Sentiment in Central Banks’ Financial Stability Reports
Ricardo Correa, Keshav Garud, Juan M Londono, Nathan Mislang
Review of Finance, Volume 25, Issue 1, February 2021, Pages 85–120, https://doi.org/10.1093/rof/rfaa014
We use the text of financial stability reports (FSRs) published by central banks to analyze the relation between the sentiment they convey and the financial cycle. We construct a dictionary tailored specifically to a financial stability context, which classifies words as positive or negative based on the sentiment they convey in FSRs. With this dictionary, we construct financial stability sentiment (FSS) indexes for 30 countries between 2005 and 2017. We find that central banks’ financial stability communications are mostly driven by developments in the banking sector. Moreover, the sentiment captured by the FSS index explains movements in financial cycle indicators related to credit, asset prices, systemic risk, and monetary policy rates. Finally, our results show that the sentiment in central banks’ communications is a useful predictor of banking crises—a 1 percentage point increase in FSS is followed by a 29 percentage point increase in the probability of a crisis.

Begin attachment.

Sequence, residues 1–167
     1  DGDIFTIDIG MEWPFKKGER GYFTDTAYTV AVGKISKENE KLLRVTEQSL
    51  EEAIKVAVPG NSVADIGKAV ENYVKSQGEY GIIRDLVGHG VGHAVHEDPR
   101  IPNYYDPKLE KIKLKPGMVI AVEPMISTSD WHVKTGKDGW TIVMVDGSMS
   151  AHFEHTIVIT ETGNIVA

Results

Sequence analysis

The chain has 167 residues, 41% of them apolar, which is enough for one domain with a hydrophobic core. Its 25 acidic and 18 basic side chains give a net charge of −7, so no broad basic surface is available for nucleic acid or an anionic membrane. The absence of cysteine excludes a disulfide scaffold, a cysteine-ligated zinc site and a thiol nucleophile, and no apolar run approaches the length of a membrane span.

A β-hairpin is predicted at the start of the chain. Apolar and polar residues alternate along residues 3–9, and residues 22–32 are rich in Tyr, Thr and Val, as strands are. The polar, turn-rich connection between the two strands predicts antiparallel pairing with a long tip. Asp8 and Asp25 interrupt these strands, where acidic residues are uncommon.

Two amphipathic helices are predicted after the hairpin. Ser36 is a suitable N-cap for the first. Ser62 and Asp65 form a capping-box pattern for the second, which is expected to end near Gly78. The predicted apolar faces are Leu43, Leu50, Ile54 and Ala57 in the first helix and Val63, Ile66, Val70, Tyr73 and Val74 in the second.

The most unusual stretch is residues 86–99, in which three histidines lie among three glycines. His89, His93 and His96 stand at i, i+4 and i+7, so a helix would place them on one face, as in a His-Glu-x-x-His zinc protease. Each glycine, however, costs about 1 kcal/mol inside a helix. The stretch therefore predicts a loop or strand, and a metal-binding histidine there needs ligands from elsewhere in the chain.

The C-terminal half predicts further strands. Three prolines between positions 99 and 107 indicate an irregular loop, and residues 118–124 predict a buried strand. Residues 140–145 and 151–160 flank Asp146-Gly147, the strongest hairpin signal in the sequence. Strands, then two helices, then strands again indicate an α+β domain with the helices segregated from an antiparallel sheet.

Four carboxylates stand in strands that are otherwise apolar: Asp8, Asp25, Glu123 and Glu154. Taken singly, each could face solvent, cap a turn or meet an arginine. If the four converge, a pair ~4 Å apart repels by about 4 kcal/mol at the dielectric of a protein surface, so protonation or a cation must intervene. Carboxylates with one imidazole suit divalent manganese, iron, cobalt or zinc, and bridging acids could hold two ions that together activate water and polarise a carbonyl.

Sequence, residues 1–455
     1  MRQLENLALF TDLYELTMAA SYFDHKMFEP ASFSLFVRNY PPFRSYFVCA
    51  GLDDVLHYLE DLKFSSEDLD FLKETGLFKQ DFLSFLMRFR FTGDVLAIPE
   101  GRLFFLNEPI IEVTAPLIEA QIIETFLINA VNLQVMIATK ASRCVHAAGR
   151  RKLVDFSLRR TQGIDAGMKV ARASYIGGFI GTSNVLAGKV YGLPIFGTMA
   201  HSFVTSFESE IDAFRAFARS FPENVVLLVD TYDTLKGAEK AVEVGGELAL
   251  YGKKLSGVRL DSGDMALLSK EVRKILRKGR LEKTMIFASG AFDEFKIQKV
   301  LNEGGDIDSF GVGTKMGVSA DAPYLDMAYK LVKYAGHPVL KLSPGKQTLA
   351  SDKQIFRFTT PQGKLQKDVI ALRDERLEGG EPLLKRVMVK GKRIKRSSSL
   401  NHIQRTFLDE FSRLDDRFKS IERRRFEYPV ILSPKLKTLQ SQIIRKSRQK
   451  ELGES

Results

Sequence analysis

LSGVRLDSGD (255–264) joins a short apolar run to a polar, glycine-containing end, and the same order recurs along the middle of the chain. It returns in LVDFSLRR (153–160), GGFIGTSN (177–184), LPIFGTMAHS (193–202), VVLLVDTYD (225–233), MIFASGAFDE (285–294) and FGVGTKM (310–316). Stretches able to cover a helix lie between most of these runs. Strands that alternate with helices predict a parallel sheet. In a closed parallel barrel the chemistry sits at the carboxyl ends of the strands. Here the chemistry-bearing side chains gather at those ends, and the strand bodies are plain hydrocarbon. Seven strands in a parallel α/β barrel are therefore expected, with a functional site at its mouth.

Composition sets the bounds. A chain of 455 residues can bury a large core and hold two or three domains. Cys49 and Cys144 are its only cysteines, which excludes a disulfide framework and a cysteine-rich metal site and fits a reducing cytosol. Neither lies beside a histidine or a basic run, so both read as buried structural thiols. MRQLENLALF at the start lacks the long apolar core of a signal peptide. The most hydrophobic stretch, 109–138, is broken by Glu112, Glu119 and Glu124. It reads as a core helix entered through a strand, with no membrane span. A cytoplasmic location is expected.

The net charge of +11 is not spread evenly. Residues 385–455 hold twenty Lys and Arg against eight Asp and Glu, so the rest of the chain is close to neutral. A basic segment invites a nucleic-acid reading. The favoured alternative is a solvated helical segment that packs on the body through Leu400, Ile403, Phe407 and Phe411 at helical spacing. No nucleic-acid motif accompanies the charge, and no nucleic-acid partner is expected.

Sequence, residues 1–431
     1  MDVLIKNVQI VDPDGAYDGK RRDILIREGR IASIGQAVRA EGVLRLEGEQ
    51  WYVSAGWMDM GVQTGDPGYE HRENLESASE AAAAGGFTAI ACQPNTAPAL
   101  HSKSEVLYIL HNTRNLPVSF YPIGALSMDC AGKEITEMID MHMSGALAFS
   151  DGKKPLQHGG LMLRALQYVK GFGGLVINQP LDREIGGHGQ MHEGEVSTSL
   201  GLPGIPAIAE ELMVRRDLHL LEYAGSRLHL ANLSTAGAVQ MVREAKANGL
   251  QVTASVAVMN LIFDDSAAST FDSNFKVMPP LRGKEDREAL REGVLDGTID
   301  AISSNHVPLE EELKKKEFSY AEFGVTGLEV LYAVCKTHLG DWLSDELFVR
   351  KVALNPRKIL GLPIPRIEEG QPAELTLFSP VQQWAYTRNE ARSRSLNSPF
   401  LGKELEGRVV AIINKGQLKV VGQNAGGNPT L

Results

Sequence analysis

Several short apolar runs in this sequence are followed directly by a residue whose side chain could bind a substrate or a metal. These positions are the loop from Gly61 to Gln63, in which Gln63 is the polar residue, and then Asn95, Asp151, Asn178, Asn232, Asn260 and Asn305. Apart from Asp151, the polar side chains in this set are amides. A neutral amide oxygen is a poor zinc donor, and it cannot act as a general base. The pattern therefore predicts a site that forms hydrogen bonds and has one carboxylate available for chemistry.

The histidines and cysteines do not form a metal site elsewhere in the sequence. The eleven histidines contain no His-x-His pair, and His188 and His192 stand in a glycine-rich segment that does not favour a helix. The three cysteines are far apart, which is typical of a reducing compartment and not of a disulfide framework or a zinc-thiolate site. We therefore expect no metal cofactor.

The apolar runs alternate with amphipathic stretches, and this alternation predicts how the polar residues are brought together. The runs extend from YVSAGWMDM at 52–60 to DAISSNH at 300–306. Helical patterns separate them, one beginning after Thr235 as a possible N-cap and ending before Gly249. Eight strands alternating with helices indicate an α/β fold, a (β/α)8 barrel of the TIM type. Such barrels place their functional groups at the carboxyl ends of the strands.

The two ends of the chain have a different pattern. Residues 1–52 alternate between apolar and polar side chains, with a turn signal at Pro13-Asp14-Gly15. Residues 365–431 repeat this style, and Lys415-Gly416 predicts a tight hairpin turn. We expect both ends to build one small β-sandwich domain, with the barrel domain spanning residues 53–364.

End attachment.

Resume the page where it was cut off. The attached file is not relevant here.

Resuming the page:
The figure shows the equally-weighted average of all countries’ demeaned FSS indexes (the bold line). We also show the range of demeaned FSS indexes for all countries in our sample (the shaded area). To calculate the quarterly average and range, for each country, we assume a step function to interpolate between any two dates with FSRs available.